If you’re happy but it’s still slow, go to ‘Control Panel’, ‘Settings’, ‘System’, ‘Power & Sleep’, ‘Additional Power Settings’, ‘Choose What The Power Button Does’ and see if the ‘Fast Start-Up’ is ticked. Although a link I didn’t keep says that it should be turned off, I found just put it in the reverse of whatever its showing is the real choice. Then do a reboot and see how fast it boots up. I tend to keep ‘Settings’ in my W10 menu for easy access.

Now, it’s a lot faster booting up but just feels slow unless you keep one eye on the clock.

The Reveal: With computer problems, always assume you’re never the first to have a problem. It’s inevitable someone else might have been there first and might have a solution that works for you.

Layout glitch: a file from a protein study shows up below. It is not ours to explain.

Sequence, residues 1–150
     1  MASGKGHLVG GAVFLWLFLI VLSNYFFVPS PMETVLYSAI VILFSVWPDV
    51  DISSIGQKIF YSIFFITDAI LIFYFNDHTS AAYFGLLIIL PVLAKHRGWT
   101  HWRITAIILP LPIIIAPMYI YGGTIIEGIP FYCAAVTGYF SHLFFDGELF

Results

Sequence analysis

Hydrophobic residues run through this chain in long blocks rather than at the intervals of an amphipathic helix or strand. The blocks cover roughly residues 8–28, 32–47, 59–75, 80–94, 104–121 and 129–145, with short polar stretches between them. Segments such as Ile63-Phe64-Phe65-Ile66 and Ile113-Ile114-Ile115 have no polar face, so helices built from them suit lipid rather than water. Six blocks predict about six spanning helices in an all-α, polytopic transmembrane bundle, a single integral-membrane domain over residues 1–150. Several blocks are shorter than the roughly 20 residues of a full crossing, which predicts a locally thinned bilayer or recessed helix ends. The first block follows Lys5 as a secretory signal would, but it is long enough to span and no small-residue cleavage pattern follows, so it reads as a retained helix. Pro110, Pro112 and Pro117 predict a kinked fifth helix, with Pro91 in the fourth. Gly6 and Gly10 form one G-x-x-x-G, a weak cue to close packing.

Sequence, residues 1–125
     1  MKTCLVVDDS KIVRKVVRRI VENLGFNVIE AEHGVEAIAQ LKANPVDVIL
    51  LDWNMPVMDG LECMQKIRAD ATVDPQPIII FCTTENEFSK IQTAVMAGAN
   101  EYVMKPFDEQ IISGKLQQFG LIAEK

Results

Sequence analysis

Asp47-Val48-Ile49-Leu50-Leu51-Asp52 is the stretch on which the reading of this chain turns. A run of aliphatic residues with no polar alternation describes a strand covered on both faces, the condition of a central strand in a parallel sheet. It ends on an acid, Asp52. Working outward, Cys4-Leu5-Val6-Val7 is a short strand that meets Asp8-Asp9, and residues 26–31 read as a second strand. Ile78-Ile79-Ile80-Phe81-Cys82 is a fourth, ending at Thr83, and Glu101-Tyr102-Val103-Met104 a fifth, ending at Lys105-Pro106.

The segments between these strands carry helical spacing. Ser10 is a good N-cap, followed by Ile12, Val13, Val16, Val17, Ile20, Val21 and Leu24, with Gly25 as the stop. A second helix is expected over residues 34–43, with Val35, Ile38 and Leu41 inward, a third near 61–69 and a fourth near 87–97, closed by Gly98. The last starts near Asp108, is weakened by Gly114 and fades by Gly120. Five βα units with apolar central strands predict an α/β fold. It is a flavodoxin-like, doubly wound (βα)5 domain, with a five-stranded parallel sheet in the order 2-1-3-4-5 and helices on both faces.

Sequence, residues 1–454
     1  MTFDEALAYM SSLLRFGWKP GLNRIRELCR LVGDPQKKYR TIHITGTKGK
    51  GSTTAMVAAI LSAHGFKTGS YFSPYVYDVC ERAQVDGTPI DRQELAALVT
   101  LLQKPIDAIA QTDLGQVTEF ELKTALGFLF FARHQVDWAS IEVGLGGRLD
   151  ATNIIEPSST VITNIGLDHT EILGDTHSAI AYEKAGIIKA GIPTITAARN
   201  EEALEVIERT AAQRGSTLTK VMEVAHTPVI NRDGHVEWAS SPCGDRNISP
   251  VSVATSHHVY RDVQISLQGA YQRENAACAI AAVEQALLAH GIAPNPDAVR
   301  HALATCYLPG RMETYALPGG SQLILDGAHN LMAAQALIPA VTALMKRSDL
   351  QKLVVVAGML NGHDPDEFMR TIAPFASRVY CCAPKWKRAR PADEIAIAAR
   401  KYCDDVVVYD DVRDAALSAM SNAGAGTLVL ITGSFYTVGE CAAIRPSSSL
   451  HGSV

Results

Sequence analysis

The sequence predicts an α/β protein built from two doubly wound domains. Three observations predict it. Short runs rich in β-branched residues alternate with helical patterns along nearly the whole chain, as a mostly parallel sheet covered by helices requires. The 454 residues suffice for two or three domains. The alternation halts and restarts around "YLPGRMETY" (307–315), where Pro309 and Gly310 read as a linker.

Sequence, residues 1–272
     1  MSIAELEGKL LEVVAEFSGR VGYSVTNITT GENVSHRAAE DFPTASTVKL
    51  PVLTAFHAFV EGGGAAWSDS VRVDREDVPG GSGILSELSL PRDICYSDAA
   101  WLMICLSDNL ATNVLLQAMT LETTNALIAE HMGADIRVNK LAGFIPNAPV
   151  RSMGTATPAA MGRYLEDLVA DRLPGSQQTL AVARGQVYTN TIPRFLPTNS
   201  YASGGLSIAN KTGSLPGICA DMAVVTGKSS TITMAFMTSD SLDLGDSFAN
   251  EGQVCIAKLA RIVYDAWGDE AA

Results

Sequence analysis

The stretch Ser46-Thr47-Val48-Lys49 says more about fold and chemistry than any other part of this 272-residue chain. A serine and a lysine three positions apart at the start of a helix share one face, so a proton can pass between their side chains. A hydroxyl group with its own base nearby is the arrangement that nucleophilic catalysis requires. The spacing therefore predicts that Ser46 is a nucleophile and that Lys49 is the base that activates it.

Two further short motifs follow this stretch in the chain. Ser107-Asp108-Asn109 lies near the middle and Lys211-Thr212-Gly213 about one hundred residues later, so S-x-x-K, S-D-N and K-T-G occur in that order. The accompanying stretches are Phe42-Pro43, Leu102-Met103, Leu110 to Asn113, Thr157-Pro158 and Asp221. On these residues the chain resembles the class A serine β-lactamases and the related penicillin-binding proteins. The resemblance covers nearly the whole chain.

The Reveal: Only age makes you feel old.

The Reveal: With any artistic endeavour there is always the need, even if its only in the back of your head, to do it better.

The Reveal: Are you finding old shows and films where people aren’t social distancing starting to get a little unsettling?

Observation: Let’s take another look at ‘Aliens’. Considering Ellen Ripley was away for 57 years, albeit in hibernation, wouldn’t she have had a massive backdated pay? Even if we exclude a lot of her duties on the Nostromo, as a flight officer, she would still have been entitled to something.

Observation: Just how did Ripley climb into the Power Loader without a step-ladder? You would think that something should have been incorporated into the design. [Lesson learn from model-making 2.01.]

Observation: Joe MacClaine as Joe 90 would have had a very limited life as a boy agent since when his hormones kick in, he would likely have quickly grown taller.